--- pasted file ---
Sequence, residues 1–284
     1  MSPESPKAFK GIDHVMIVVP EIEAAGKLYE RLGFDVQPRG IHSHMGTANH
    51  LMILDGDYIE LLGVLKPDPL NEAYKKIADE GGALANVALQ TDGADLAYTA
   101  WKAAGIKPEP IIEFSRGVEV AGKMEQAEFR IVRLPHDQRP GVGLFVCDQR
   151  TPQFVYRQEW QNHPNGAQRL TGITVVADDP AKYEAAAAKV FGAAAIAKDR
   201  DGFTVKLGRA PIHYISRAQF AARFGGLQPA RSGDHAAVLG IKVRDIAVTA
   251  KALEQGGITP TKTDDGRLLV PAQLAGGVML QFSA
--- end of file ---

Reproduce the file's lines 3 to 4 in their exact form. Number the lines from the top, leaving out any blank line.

    51  LMILDGDYIE LLGVLKPDPL NEAYKKIADE GGALANVALQ TDGADLAYTA
   101  WKAAGIKPEP IIEFSRGVEV AGKMEQAEFR IVRLPHDQRP GVGLFVCDQR